Here, Fishel invites the reader to consider this complicated history that surrounds collecting and copyrighting folk music, what (and whom) the practice has excluded as well current performers who have been inspired by this preservation of our sound culture to perpetuate the practice: making it “theirs” and “ours” once again.

— Guest Editor Tanya Clement

The more one listens, views, and reads the work of pioneering folklorist Alan Lomax, the more inscrutable it becomes. Even if we set aside the sheer size and diversity of his collection, we are still left with a set of materials that eludes easy interpretation. Too mainstream for the academics and too academic for the mainstream, Lomax’s defiant, passionate quest to bridge the two worlds pioneered the study of sound as an embodiment of social and community dynamics. Yet in promoting American vernacular culture, Lomax also fashioned himself a folk hero, leaving us a legacy where the collector threatens to overshadow the collection. As arguably the world’s most famous folklorist, Lomax is responsible for much of the sound understood as authentic Americana.

Consider one vignette of many: the “Southern Journey,” a 1959-1960 recording trip that Alan Lomax undertook with Shirley Collins throughout Virginia, Kentucky, Tennessee, Arkansas, Mississippi, Alabama and Georgia. A world unto itself, the story of the Southern Journey reveals how these tensions shaped Lomax’s work and, to an extent, our understanding of a national cultural heritage.

"Radio Recording, Late 20th Century" by Flickr user Mike Licht, CC BY 2.0

“Radio Recording, Late 20th Century” by Flickr user Mike Licht, CC BY 2.0

To begin with, the Southern Journey sounded different than previous collecting trips due to the technological sophistication of the field recording set-up. Starting with a 1933 trip accompanying his father John A. Lomax, Alan Lomax’s previous recording expeditions in the South had relied first on Edison cylinders and then on disc-based recorders that had particular weaknesses in terms of fidelity. Surface noise obfuscated certain frequencies and reminded the listener that his or her experience was mediated. During the Southern Journey though, open reel magnetic tape, excellent microphones, and a mixer were employed to make what Lomax, in his tendency towards self-aggrandizement, claimed to be the “first” stereo field recordings in the South. Whatever the reality, the recordings were early efforts to use stereo in the service of field recording to capture more detail and nuance of a performance and its context.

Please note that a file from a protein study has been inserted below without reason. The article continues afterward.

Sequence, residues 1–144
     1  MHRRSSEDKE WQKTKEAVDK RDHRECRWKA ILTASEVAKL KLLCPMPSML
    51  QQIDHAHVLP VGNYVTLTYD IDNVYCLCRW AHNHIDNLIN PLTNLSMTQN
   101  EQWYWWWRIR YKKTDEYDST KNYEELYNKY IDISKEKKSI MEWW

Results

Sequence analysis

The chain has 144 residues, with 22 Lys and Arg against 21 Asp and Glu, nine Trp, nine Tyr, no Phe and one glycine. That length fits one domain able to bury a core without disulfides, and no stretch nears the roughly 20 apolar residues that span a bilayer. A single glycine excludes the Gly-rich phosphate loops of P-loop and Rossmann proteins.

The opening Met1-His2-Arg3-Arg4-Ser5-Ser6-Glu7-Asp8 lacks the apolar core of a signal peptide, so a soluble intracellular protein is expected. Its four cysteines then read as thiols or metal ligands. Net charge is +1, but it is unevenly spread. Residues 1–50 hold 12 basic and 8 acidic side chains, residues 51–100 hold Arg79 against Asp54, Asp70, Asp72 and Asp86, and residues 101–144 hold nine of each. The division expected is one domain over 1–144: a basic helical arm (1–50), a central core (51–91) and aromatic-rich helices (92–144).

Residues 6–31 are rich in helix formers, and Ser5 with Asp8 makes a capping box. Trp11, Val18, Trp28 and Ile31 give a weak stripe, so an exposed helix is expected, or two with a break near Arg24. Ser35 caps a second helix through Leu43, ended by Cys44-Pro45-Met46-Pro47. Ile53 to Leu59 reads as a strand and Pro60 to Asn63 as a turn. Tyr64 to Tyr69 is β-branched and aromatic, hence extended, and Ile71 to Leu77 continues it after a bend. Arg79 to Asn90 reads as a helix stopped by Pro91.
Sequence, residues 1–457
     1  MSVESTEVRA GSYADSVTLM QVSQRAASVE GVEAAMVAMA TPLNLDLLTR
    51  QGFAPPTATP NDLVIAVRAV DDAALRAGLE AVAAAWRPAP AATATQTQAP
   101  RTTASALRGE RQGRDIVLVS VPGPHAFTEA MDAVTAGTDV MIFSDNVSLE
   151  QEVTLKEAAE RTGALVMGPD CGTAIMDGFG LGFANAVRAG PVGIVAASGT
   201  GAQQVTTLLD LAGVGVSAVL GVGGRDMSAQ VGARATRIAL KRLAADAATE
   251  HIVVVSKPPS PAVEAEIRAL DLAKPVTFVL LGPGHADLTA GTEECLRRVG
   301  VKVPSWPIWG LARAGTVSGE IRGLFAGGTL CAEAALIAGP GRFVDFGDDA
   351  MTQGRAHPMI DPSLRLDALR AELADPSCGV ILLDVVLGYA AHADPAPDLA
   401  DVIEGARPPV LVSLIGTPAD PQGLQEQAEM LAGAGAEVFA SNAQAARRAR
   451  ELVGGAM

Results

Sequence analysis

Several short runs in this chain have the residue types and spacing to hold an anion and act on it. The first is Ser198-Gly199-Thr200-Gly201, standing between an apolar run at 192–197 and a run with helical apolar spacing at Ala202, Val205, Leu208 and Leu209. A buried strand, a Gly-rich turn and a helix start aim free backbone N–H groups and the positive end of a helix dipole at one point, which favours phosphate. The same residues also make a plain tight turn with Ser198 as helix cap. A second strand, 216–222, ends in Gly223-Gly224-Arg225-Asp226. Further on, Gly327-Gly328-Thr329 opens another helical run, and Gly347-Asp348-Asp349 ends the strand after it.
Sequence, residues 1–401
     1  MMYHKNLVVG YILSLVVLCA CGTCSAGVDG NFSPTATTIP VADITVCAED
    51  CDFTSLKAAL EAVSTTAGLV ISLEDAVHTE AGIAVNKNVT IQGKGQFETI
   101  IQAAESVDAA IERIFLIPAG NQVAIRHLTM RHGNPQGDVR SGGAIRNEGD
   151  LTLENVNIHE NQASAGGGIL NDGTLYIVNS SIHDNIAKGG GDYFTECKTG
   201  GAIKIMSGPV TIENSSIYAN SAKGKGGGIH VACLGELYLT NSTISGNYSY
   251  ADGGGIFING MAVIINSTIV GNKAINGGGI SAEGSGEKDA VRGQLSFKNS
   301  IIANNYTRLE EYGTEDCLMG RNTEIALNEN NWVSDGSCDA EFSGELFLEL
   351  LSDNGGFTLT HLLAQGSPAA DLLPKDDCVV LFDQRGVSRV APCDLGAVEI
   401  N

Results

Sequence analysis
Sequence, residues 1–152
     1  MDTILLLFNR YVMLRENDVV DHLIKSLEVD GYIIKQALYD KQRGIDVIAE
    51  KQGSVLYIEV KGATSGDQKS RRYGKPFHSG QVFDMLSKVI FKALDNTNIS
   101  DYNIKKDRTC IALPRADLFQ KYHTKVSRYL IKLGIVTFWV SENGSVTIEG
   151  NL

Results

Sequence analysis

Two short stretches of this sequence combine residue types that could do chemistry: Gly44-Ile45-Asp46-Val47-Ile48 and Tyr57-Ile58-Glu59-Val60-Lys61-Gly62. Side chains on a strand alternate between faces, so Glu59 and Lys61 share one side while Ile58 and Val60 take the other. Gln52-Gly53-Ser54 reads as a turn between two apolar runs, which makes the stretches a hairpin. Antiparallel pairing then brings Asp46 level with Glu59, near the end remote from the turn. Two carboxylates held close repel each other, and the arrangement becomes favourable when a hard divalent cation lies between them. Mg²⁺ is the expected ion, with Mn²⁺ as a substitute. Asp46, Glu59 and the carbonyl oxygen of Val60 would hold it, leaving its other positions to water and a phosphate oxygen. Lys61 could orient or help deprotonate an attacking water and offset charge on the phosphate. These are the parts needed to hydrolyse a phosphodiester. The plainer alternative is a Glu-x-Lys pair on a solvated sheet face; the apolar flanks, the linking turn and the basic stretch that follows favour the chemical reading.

Writing of the opportunity stereo presented for folklore, Lomax noted that “Folk music which, in its natural setting, is meant to be heard in the round, comes into its own with multi-dimensionality, for more than concert music, designed to project from the stage into an auditorium.” According to this reasoning, a good recording in stereo is more inclusive, grounding the listener’s position inside the soundscape of folklore’s community-based practice.

Yet, by nature folklore recordings have certain limitations. As jazz record producer Orrin Keepnews noted, “Our job is to create what is best described as ‘realism’ — the impression and effect of being real — which may be very different from plain unadorned reality.” This murky dividing line is problematic in the context of ethnographic documentation. In the case of Alan Lomax, it’s further complicated by multiple motivations and goals that transform this line into a shifting set of markers.

"30th January 2014" by Flickr user themostinept, CC BY-SA 2.0

“30th January 2014″ by Flickr user themostinept, CC BY-SA 2.0

Luckily, through diligent scholarship and Lomax’s own documentation, we are fairly aware of how this “realism” tension shaped his recordings in real-time performance and its public reception. Lomax sometimes auditioned performers when arriving in a new area; his book The Land Where The Blues Began (in part an reconstruction of the Southern Journey) was written 30-plus years after the fact from memory and a few scribbled notes on the back of tape boxes. However this knowledge impacts the supposed reality of the field recordings, it would be a mistake to reduce the extensive documentation of Lomax’s decision-making process to debunking. Rather, it is an aid for understanding what we’re hearing. By accounting for ethnographic and popularizing tendencies, what is really being developed is a guide for critical listening.

Part of that involved bringing in the recording industry. Starting with the 1939 Musicraft release of Leadbelly performances on 78-RPM discs, Lomax consistently used record companies as one means of bringing folklore to a wider audience. Commenting on the flurry of activity that accompanied Lomax’s 1959 return to the United States after nearly a decade abroad, noted folklorist Roger Abrahams commented, “To this writer it would appear that Mr. Lomax stayed up nights thinking of ways to sell folk-things to publishers, record companies, etc., ergo to the public.”

The Southern Journey was one such project, bankrolled by Atlantic Records. From nearly 80 hours of recorded material, Lomax curated two sets of releases in 1960, a seven LP Atlantic Records collection named the “Southern Folk Heritage Series” and the 12-LP “Southern Journey” series for Prestige International. In notes for reissues of the Atlantic set, Lomax admitted, “The set reflects, to some extent, what the Erteguns [Ahmet and Nesuhi, founders of Atlantic] felt might best reach their pop audience.” Examining how these recordings became canonical is to look at how new modes of cultural transmission affected folklore traditions.